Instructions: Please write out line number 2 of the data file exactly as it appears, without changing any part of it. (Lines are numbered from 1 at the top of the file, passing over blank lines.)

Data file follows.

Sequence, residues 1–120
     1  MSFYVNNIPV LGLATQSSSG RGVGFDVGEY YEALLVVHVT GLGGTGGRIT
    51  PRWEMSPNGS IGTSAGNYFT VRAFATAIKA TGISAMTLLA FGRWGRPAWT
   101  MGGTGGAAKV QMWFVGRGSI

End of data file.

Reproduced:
     1  MSFYVNNIPV LGLATQSSSG RGVGFDVGEY YEALLVVHVT GLGGTGGRIT